The Book

Who Killed Sao Kya Seng, the Last Prince of Hsipaw?

The principality of Hsipaw was not the largest principality in Shan State; that distinction belonged to Kengtung. But at approximately the size of Connecticut, it was among the larger ones, and because of its location and relative wealth, Hsipaw, along with the principalities of Yawnghwe (now called Nyaungshwe), Hsenwi, Kengtung (now Kyaing Tong), and perhaps Muang Mit, ranked among the more prominent and influential ones that shaped the history of Shan State.

To understand the importance of the House of Hsipaw, it is necessary to go back in Burmese and Shan history-all the way back to Kublai Khan and his army's invasion and destruction of Bagan in 1287, which marked the defeat of the Burmese and the beginning of the Shan domination of Burma. The Shan period lasted until a nephew of the Prince of Hsipaw, Myobye Narapathe, King of Ava, was defeated by the Burmese King Burinnong of Taungoo in 1552. From then on, until the British conquered Burma, the ethnic Burmese, not the Shan, dominated the country.

A few hundred years after the fall of the Shan Kingdom of Ava, there was another connection between the House of Hsipaw and a monarch, this time a Burmese one. Strangely enough, still another king would lose both throne and empire. This time it was the last king of Burma, the erratic and despised King Thibaw, who was defeated by the British in the third Anglo-Burmese war. Thibaw's father was the respected reformer and modernizer King Mindon, whose brother and heir apparent had been assassinated. So when King Mindon died in 1878, there was no immediate successor, and because the king had had many wives, the disagreements among all the potential heirs escalated into violence. In Burma, as in many other monarchies around the world, disputes over succession have typically been resolved by expulsion and murder, but the brutality of Thibaw's wife and mother-in-law in murdering or expelling Thibaw's rivals set new standards even in Burmese history. Thibaw, whose mother was the daughter of the Sawbwa of Hsipaw (hence his name), had not been first in the line of succession, but he gained the throne once his royal rivals had been eradicated one way or another.


Here begins the story of the last four princes of the House of Hsipaw: Sao Khun Seng, Sir Sao Khe, Sao On Kya, and the last of the long line, Sao Kya Seng. Sao Khun Seng was born during the reign of King Mindon (1853-1878) and grew up at the royal court in Mandalay. After becoming the Sawbwa of Hsipaw, he had a falling-out with King Mindon's successor, the capricious and ruthless King Thibaw, who was a blood relative because of his Shan mother. In 1882 Sao Khun Seng had to flee to Lower Burma, which had already been conquered by the British. In Yangon he was implicated in a murder case, jailed, and later deported. He moved first to Thailand, then to Karenni State, but he eventually regained control of his principality after making an alliance with a well-known Shan rebel leader from Hsenwi. When the British signed treaties with the Shan princes in the late 1880s, it must have been Sao Khun Seng who signed for the House of Hsipaw. Until his death he enjoyed a close relationship with the British, who admired and respected him.

Sao Khun Seng's son Sao Khe would rule with great success and distinction from 1902 to 1928. He was a respected and influential member of the Federated Shan States' Council, formed in 1922 by the British, and was knighted by Queen Mary of England in 1928. The colonial rulers admired him for his efficiency and intelligence. His eldest daughter married Sao Kawngtai, Prince of Kengtung, who was assassinated in 1937 by a nephew in a conspiracy hatched by a relative. That relative had been involved in various illegal activities, including the early opium trade. Maurice Collis gives an interesting account of the trial of the two conspirators in his book Lords of the Sunset.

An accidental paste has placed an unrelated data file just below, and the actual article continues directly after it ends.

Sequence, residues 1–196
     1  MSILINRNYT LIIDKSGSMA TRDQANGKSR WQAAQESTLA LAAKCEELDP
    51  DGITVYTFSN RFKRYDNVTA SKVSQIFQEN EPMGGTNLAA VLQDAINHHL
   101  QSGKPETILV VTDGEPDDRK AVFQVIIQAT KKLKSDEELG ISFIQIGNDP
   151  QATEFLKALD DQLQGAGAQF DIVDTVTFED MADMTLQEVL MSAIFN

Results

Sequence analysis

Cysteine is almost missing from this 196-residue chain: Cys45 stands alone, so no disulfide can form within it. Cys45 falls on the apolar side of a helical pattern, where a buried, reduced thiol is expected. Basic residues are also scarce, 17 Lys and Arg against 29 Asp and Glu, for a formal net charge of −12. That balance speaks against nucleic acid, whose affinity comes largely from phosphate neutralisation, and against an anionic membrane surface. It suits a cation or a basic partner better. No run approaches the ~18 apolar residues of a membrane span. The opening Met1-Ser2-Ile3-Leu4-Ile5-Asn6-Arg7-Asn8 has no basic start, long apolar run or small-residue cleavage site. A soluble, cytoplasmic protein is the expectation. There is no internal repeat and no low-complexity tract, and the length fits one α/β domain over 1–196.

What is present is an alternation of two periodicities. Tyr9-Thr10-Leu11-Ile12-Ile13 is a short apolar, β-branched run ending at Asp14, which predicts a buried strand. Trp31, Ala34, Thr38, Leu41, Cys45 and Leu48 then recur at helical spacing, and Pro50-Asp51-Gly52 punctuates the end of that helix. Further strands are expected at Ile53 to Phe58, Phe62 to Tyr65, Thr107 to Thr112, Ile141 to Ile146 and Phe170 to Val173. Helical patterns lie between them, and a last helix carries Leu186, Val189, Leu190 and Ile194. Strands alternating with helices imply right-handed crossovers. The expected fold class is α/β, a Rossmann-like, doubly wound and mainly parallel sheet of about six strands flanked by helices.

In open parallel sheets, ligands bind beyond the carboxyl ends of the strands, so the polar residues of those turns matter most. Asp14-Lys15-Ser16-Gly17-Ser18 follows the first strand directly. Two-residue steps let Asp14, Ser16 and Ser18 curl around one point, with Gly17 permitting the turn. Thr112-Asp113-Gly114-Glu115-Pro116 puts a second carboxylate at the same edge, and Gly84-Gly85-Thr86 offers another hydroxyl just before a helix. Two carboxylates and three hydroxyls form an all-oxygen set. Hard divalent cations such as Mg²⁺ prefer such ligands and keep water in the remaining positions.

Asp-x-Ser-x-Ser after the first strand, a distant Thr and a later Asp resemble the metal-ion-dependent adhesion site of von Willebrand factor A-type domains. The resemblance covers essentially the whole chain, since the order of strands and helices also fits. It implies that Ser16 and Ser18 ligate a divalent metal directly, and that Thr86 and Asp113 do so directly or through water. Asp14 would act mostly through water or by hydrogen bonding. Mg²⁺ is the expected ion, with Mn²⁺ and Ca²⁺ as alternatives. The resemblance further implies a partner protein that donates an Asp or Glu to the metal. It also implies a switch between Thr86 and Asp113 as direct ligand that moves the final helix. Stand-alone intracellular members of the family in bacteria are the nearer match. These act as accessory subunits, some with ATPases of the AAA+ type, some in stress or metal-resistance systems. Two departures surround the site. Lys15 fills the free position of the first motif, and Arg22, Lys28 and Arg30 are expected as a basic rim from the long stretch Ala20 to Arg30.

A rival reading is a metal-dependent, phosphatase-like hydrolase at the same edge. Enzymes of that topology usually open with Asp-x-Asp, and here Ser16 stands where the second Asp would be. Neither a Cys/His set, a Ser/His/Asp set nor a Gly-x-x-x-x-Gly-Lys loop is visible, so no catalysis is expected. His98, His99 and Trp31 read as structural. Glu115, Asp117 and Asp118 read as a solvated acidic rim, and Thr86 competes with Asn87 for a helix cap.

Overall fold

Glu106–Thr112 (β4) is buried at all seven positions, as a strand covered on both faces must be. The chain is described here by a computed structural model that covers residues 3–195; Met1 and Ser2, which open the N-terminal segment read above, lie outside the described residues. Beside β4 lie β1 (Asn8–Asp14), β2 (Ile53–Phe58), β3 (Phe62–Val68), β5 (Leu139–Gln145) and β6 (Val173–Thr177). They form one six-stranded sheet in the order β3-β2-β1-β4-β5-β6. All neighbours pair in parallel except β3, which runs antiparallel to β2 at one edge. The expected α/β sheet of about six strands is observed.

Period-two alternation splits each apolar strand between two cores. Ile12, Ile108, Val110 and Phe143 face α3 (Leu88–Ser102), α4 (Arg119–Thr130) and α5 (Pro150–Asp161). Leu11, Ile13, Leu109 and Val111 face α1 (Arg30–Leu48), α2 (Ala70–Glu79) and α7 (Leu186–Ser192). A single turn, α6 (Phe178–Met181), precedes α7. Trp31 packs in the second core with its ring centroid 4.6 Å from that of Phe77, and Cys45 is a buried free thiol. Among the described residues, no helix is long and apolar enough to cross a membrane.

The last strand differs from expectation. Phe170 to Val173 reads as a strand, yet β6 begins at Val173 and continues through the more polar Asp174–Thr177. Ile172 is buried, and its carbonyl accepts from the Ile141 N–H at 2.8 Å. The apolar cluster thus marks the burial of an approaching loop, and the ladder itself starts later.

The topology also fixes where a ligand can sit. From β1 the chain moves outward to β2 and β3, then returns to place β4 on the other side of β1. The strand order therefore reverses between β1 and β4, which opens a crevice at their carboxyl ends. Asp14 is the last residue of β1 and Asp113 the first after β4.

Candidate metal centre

Sao On Kya, son of Sir Sao Khe, ruled during the difficult time from 1928 to 1938, when the Shan princes discovered that their loyalty to the British crown was being rewarded by their colonial rulers with less autonomy instead of more. While the Shan wanted a clear administrative and political separation from the Burmese part of the country, the British wanted to combine the Frontier States with Burma Proper for administrative purposes. The Shan rightfully feared that if the whole colony gained independence, they would become part of a Burma dominated by the ethnic Burmese. At the Special Round Table Conference on Burma held in the United Kingdom in 1931, where the Shan tried in vain to gain a special political status for their homeland, Sao On Kya was joined by his brother-in-law Sao Kawngtai, Prince of Kengtung, by Sao Shwe Thaike, Prince of Yawnghwe and later the first president on an independent Burmese republic, as well as by other Shan princes. Like his father and his grandfather, the Oxford-educated prince Sao On Kya was a highly respected Shan leader. (The previous chapter mentioned a meeting between Sao On Kya and the writer Maurice Collis, who also recounted that Sao On Kya's wife Nanda had caused a great scandal when she left him for another man. Only many years later was she permitted to return to Hsipaw, by her husband's successor, Sao Kya Seng, the last Prince of Hsipaw). Sao On Kya's marriage must have been without a male heir because when he died in 1938, the title of Prince of Hsipaw seems to have been vacant until 1947. We have to assume that the principality was without a sawbwa during the turbulent years of World War II.

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          Chapter 14
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